[0045] A grip wall 125 may be formed on and extend between the inner edges of the vanes 128a, 128b, 128c. The surface of the grip wall 125 may be knurled, fluted, grooved, or otherwise tooled or formed with a surface treatment to provide a high friction or gripping surface against the upper strap 104 as further described herein. A pair of retention bulkheads 124a, 124b may extend normally inward from the interior sides of the upper buckle sidewalls 123a, 123b on an opposite end of the upper buckle 102 from the vanes 128a, 128b, 128c. In some embodiments the retention bulkheads 124a, 124b define a gap 154 between them and thus do not extend as a single piece to connect the upper buckle sidewalls 123a, 123b together. The span 126 is thus positioned between the grip wall 125 connecting the vanes 128a, 128b, 128c on one side and the retention bulkheads 124a, 124b on the other side.

[0046] A span wall 138 may extend normally from a base of one edge of the span 126 on the side closest to the retention bulkheads 124a, 124b. A rear slot 150 is thereby defined between the span wall 138 and the retention bulkheads 124a, 124b. Similarly a front slot 152 is defined between a front edge of the span 126 and the grip wall 125.

[0047] A number of the surfaces of the upper buckle 102 may be covered or coated with an upper buckle bumper 140. The upper buckle bumper 140 may be formed of a thermoplastic elastomeric material, for example, rubber. In some embodiments the upper buckle bumper 140 may be formed as a separate piece and fitted onto the upper buckle body 122. In other embodiments the upper buckle bumper 140 may be formed by an injection over mold process and directly molded onto the upper buckle body 122. In the embodiments shown in FIGS. 2A, 2B, and 2C, the upper buckle bumper 140 is formed with two sidewall bumpers 142a, 142b connected together by a span bumper 144. The sidewall bumpers 142a, 142b are sized and shaped to fit around an edge perimeter of the upper buckle sidewalls 123a and 123b. The span bumper 144 may be sized and configured to seat on top of the span 126 and connect the sidewall bumpers 142a, 142b together. The upper buckle bumper 140 may also be formed to follow the depressions in the upper buckle sidewalls 123a, 123b and the concave form of the span 126 to provide a contour surface 146 along the length of the span 126 and through to the outer surfaces of the upper buckle sidewalls 123a, 123b.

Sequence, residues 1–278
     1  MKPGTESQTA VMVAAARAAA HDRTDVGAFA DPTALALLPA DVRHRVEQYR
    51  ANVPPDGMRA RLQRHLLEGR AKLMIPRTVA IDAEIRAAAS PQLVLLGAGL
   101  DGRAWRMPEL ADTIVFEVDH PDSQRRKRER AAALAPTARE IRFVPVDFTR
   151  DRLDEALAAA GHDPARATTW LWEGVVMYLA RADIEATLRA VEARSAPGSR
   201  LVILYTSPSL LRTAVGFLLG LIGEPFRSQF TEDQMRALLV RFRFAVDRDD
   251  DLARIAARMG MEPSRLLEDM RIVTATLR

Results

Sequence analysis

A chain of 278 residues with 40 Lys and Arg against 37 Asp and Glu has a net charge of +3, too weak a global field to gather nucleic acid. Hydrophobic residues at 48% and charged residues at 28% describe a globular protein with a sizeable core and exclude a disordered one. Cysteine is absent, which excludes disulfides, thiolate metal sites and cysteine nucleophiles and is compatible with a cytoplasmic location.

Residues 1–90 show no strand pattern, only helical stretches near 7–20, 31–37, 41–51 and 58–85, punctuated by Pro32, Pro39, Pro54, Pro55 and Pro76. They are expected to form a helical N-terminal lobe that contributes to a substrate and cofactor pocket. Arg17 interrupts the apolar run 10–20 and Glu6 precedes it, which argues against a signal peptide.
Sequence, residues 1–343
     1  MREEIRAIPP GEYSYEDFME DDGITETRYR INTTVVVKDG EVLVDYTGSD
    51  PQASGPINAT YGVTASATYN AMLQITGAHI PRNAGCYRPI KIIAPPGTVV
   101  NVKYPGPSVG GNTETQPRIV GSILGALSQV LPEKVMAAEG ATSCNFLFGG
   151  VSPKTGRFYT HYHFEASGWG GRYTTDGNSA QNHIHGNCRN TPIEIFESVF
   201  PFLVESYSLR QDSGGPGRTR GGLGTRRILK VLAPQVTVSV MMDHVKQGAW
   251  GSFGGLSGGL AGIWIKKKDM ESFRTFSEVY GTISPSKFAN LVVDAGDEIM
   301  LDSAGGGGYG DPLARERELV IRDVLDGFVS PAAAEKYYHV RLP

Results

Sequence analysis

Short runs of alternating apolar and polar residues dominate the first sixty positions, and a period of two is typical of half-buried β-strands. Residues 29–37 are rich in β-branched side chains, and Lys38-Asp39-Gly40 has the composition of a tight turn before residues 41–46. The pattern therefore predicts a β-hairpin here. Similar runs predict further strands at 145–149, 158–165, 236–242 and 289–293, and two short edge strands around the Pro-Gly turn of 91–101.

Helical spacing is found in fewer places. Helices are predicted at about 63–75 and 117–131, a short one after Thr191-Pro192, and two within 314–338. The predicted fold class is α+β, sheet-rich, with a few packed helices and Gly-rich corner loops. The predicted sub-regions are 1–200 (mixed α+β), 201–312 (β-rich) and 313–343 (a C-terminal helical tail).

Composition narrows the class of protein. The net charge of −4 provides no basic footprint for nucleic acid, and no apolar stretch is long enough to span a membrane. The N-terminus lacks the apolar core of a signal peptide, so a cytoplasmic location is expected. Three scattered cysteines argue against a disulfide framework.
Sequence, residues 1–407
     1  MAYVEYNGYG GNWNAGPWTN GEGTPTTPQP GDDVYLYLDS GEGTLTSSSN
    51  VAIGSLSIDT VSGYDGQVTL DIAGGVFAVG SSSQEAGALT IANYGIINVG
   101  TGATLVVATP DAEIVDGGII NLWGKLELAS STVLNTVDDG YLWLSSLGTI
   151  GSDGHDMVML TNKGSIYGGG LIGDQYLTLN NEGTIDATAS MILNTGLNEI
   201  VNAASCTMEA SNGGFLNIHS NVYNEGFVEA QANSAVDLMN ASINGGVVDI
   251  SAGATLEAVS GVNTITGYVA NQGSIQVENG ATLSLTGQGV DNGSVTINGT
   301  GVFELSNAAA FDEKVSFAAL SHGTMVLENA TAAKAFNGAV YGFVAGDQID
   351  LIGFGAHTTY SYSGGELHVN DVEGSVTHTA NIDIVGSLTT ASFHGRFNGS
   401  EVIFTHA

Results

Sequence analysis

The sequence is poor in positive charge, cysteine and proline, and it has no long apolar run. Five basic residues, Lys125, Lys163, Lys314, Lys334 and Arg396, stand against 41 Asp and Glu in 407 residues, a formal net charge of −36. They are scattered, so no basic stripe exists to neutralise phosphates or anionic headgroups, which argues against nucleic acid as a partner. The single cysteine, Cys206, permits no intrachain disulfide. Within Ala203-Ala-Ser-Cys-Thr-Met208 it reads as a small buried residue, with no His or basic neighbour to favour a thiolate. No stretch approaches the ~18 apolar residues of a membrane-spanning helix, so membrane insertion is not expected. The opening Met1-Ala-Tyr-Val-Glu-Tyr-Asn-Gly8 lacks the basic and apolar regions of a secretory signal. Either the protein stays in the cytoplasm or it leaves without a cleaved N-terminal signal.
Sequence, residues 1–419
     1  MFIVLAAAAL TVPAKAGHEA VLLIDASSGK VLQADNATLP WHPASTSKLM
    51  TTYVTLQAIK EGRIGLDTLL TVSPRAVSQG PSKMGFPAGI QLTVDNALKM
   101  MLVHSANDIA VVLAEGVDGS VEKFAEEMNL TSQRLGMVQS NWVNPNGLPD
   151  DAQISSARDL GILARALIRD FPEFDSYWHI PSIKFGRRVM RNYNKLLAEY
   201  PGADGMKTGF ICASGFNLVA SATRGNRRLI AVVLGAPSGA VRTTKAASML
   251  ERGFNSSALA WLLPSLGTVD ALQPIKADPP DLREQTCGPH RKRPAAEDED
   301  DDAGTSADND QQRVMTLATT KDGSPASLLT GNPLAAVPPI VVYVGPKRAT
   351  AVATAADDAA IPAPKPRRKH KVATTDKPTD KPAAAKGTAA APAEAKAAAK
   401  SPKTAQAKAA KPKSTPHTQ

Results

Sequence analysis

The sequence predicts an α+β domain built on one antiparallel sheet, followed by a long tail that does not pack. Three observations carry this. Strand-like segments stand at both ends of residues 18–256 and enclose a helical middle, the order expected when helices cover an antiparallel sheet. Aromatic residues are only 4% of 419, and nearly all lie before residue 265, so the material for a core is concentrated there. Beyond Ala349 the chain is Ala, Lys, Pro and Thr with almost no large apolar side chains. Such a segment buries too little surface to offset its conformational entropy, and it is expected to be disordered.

[0048] As shown in FIGS. 3, 4A, 4B, and 4C, a top surface of the span 126 may define a number of grooves 127. A bottom surface of the span bumper 144 may be formed with a number of bumper ribs 148 sized, spaced, and configured to seat within the retention grooves 127 on the top surface of the span 126. Similarly the upper buckle body 122 may be formed with a pair of grooves 147 that are inset from and follow the perimeter of the upper buckle sidewalls 123a, 123b. The sidewall bumpers 142a, 142b may be formed with inwardly extending lips 145 on outer and inner edges in order to define a channel 143 there between. Thus when the upper buckle bumper 140 is placed on the upper buckle body 122, an inner lip 145 of each of the sidewall bumpers 142a, 142b seats in respective ones of the grooves 147 in the upper buckle body 122; the outer lips 145 of each of the sidewall bumpers 142a, 142b extend slightly over an outer surface of the upper buckle sidewalls 123a, 123b about their perimeter; and a perimeter wall of each of the upper buckle sidewalls 123a, 123b seats within the channels 143 in the sidewall bumpers 142a, 142b. In this manner the upper buckle bumper 140 securely attaches to and is held in place on the upper buckle body 122.